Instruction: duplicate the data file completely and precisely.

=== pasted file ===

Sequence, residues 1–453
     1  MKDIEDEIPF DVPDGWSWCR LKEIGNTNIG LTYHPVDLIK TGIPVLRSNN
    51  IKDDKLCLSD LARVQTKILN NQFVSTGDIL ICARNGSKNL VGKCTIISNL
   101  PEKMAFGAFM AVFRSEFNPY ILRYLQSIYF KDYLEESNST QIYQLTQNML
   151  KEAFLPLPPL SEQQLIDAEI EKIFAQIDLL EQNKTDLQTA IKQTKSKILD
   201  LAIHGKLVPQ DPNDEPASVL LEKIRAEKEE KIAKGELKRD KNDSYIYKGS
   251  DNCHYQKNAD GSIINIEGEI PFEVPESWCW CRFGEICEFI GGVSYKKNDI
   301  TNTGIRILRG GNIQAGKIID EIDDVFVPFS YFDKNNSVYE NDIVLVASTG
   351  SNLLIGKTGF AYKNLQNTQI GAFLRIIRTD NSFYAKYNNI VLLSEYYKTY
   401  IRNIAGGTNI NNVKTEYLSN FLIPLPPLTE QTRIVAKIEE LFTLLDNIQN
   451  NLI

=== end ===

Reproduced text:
Sequence, residues 1–453
     1  MKDIEDEIPF DVPDGWSWCR LKEIGNTNIG LTYHPVDLIK TGIPVLRSNN
    51  IKDDKLCLSD LARVQTKILN NQFVSTGDIL ICARNGSKNL VGKCTIISNL
   101  PEKMAFGAFM AVFRSEFNPY ILRYLQSIYF KDYLEESNST QIYQLTQNML
   151  KEAFLPLPPL SEQQLIDAEI EKIFAQIDLL EQNKTDLQTA IKQTKSKILD
   201  LAIHGKLVPQ DPNDEPASVL LEKIRAEKEE KIAKGELKRD KNDSYIYKGS
   251  DNCHYQKNAD GSIINIEGEI PFEVPESWCW CRFGEICEFI GGVSYKKNDI
   301  TNTGIRILRG GNIQAGKIID EIDDVFVPFS YFDKNNSVYE NDIVLVASTG
   351  SNLLIGKTGF AYKNLQNTQI GAFLRIIRTD NSFYAKYNNI VLLSEYYKTY
   401  IRNIAGGTNI NNVKTEYLSN FLIPLPPLTE QTRIVAKIEE LFTLLDNIQN
   451  NLI